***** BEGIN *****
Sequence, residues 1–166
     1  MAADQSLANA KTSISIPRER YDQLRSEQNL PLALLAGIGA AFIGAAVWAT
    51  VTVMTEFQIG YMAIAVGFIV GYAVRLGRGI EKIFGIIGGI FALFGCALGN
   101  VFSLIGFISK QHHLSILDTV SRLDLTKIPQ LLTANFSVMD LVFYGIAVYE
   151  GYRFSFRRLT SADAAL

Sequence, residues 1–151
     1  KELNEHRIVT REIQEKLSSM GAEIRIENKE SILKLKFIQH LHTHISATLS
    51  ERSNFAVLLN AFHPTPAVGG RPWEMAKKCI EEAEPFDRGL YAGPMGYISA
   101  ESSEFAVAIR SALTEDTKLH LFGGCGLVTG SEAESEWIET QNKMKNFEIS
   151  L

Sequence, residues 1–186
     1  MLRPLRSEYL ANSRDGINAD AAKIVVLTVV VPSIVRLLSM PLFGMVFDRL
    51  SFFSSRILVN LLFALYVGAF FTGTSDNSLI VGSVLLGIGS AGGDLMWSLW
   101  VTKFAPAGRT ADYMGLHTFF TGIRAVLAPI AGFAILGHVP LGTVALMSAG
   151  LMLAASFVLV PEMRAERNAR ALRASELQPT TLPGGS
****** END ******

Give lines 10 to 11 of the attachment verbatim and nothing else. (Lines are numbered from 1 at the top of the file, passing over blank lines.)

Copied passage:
   151  L

Sequence, residues 1–186